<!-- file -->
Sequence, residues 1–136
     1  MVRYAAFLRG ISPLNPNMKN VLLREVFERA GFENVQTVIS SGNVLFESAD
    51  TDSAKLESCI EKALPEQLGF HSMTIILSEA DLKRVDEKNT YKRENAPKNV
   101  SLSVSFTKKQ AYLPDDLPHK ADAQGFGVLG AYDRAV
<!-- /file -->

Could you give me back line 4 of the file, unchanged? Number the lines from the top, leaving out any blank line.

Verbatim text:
   101  SLSVSFTKKQ AYLPDDLPHK ADAQGFGVLG AYDRAV